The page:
Change in culture was just what the franchise needed for growth
For the second consecutive postseason, the Pacers and Miami Heat clash — this time, with the right to play in the NBA Finals on the line. While both teams’ cores remain the same, the Pacers’ growth over a year’s time is immense.
The biggest change in this franchise’s recent history occurred on Jan. 30, 2011 when Frank Vogel was named interim head coach. Vogel, an assistant for three and a half seasons, already had a great rapport in the locker room.
In the summer of 2011, after Vogel guided the Pacers to a winning record and to the postseason for the first time since 2006, team officials removed his interim tag. They also signed free agent David West — an absolute game-changer in the locker room.
“It’s all about culture and how we go about our business,” Roy Hibbert said. “Before coach took over, we weren’t built for deep playoff runs, we were built for shooing threes and getting up as many threes as possible [under Jim O'Brien].
Unlike O’Brien, who often clashed with players, Vogel expressed genuine enthusiasm and optimism, which was contagious — and appreciated. Vogel cleared the hurdle of being the good guy assistant coach to being the task master. He has the full respect of everyone within the franchise.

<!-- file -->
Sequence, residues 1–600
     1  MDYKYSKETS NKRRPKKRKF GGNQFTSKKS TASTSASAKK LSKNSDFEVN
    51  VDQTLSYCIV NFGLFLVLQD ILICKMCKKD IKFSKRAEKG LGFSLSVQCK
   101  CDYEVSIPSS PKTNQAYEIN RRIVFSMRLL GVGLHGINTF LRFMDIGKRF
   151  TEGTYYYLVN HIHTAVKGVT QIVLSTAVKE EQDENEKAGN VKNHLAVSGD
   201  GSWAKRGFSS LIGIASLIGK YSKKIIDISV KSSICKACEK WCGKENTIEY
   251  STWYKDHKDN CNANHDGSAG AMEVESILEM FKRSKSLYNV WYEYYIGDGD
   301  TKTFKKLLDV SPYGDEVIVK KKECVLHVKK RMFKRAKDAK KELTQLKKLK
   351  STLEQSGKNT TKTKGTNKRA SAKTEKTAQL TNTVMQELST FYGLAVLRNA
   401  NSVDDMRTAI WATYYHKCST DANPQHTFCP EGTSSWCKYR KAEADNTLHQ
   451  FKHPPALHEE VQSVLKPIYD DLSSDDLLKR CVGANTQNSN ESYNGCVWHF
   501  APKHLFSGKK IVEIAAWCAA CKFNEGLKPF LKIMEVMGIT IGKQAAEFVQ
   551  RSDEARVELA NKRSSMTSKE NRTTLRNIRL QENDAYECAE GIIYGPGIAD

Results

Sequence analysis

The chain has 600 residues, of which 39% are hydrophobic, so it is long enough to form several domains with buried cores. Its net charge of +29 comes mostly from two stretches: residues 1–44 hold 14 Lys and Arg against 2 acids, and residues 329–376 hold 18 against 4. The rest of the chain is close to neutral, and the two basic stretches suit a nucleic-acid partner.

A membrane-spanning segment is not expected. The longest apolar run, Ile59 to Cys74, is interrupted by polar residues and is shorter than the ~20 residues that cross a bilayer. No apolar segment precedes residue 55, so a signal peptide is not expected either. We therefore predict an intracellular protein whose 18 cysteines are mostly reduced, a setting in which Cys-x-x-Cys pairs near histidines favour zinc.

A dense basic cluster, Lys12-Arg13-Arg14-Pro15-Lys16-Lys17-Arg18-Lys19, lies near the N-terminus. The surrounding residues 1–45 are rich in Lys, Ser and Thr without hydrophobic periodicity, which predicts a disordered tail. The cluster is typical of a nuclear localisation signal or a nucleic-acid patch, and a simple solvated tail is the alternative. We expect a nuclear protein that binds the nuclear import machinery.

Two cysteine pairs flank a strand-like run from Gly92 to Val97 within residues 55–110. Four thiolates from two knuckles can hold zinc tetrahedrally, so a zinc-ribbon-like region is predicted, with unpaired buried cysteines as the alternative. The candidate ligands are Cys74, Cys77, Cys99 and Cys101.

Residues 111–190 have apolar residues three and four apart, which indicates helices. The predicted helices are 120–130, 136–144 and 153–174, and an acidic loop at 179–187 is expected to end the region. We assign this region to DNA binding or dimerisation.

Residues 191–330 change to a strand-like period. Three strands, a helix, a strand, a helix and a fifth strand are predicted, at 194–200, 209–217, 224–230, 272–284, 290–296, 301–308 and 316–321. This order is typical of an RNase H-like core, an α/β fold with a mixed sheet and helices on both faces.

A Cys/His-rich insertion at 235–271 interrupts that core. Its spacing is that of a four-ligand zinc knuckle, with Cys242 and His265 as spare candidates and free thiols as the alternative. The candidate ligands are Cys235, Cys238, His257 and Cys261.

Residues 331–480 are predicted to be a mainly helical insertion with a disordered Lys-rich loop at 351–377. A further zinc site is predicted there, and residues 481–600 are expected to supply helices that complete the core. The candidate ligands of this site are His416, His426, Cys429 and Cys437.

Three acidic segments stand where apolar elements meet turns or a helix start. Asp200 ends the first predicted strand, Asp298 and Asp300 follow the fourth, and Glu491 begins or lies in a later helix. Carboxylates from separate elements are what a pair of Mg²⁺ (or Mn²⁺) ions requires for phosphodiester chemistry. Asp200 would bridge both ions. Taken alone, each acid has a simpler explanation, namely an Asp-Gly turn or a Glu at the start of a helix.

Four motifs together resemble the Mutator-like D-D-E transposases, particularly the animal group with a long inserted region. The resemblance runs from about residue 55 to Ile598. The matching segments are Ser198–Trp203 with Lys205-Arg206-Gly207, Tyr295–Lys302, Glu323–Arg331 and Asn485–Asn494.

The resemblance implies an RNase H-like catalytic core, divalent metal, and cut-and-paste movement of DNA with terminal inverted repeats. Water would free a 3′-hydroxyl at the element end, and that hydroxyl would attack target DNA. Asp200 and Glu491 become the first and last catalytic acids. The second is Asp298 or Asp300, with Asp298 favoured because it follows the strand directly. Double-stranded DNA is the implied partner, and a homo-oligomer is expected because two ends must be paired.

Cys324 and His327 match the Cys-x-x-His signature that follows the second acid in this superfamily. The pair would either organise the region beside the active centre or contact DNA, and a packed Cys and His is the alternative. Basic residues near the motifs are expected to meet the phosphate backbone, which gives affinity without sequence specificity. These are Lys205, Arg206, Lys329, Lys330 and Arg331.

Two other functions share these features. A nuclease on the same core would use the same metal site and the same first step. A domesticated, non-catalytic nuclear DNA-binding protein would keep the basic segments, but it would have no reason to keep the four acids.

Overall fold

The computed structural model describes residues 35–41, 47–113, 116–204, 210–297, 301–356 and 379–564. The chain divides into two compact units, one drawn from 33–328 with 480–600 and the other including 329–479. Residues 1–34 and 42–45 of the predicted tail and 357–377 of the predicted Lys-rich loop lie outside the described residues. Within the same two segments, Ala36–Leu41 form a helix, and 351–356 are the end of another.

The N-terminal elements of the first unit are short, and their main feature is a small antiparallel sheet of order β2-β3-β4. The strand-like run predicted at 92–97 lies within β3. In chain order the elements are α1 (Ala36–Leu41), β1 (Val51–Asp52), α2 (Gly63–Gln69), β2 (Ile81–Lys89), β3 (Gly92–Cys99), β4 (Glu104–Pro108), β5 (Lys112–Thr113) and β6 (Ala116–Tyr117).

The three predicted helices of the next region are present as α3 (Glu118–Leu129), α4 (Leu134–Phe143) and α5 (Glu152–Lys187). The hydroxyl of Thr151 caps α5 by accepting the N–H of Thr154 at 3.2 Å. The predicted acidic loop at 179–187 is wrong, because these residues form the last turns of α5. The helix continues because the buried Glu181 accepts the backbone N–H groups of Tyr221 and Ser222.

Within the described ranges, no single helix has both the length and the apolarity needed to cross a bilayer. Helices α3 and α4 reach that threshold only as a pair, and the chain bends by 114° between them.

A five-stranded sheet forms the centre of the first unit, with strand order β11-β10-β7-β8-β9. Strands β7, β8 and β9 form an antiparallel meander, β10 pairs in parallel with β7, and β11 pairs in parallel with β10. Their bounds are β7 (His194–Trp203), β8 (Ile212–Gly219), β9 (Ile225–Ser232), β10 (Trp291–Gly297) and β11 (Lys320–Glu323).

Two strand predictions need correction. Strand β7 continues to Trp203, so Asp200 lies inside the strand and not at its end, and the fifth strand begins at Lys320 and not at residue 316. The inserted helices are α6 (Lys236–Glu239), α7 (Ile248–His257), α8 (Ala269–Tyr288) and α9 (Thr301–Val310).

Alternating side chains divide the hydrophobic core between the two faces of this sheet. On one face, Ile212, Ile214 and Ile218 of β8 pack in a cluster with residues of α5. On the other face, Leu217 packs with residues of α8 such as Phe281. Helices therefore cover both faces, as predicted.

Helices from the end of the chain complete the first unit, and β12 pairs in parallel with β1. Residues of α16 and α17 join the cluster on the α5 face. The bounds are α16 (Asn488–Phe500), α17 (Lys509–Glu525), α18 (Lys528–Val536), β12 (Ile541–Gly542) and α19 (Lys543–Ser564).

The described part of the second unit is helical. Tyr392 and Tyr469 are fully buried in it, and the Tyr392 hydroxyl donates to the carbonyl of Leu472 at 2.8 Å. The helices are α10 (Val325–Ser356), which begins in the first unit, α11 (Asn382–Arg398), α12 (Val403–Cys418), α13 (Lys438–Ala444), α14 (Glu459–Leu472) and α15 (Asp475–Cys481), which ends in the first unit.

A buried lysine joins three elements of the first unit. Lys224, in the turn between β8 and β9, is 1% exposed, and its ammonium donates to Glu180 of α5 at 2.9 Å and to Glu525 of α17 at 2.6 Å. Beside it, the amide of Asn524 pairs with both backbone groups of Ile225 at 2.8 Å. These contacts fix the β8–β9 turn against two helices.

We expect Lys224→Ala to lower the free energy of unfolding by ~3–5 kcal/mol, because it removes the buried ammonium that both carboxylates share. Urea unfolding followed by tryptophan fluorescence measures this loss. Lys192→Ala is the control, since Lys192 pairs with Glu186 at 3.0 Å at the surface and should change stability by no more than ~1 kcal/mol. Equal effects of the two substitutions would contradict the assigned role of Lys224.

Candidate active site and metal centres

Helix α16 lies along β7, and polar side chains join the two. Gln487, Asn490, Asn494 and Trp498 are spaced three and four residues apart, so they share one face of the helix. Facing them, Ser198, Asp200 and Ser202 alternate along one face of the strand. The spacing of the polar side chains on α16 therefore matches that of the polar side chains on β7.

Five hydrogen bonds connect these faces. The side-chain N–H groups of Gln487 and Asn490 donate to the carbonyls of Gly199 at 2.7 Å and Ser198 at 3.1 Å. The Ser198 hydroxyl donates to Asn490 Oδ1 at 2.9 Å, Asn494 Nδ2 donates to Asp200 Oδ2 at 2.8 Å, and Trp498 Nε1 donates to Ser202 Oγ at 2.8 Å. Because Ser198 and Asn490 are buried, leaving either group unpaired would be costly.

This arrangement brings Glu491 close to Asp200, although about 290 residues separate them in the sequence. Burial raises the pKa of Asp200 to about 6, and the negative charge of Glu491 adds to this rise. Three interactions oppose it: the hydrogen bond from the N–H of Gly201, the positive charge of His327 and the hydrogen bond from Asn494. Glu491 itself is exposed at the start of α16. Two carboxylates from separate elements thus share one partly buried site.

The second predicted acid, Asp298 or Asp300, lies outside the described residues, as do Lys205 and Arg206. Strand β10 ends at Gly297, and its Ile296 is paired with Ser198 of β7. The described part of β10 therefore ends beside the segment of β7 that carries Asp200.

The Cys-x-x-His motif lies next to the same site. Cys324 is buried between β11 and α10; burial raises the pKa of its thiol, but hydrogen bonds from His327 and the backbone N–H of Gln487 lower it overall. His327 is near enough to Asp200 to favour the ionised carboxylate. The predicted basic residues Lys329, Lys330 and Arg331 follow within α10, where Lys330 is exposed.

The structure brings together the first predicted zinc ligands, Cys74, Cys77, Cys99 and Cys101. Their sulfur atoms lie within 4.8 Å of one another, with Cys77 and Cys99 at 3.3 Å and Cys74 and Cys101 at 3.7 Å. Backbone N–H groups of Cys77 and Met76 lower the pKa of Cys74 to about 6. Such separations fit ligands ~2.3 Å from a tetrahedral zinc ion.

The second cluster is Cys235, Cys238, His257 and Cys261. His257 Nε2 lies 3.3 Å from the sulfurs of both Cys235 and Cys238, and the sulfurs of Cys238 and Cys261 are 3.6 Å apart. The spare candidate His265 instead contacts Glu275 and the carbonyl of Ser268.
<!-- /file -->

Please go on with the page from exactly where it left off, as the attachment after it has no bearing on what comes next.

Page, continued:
“He really just changed the whole locker room,” said Paul George, the Pacers’ draft selection in 2010. “It’s positive vibes, it’s positive energy. We’re all pulling for one another. And I think that’s the biggest thing out of anything he’s done.”
Assistant Dan Burke has seen the growth of Vogel, who joined the team in 2007, better than anyone.
“Frank is always positive, even as an assistant,” Burke said. “When started being positive as the head coach, it took big leaps with the team. As the years have gone by, he’s become more confident and assured of himself with after timeout plays and game plays, demanding more from our guys.
Vogel has won three of the five playoff series in which he’s been the head coach, and he’s advanced deeper in the playoffs each season.
“Every game you play, you gain in-game experience,” he said. “And that’s the one thing when you go from assistant coach to head coach that you can’t replicate, and you can’t study until you go through it. Having another 100 games or so under my belt helps me be a better game coach.”
Growth goes beyond the head coach. Every single player on the Pacers’ roster has improved. From Paul George, the NBA’s Most Improved Player, all the way down to Orlando Johnson, who’s received solid playing time for a rookie.
Lance Stephenson’s improvement can go back to last summer where he remained in Indianapolis and could be seen at the Fieldhouse daily. He elevated his work ethic and started listening to guys rather than thinking he knew everything. The talent is certainly there. He’s having to learn to be under control and maintain his confidence. He’s no longer always the best player on the floor like he was in New York, but he can be one of the most impactful when he’s focused.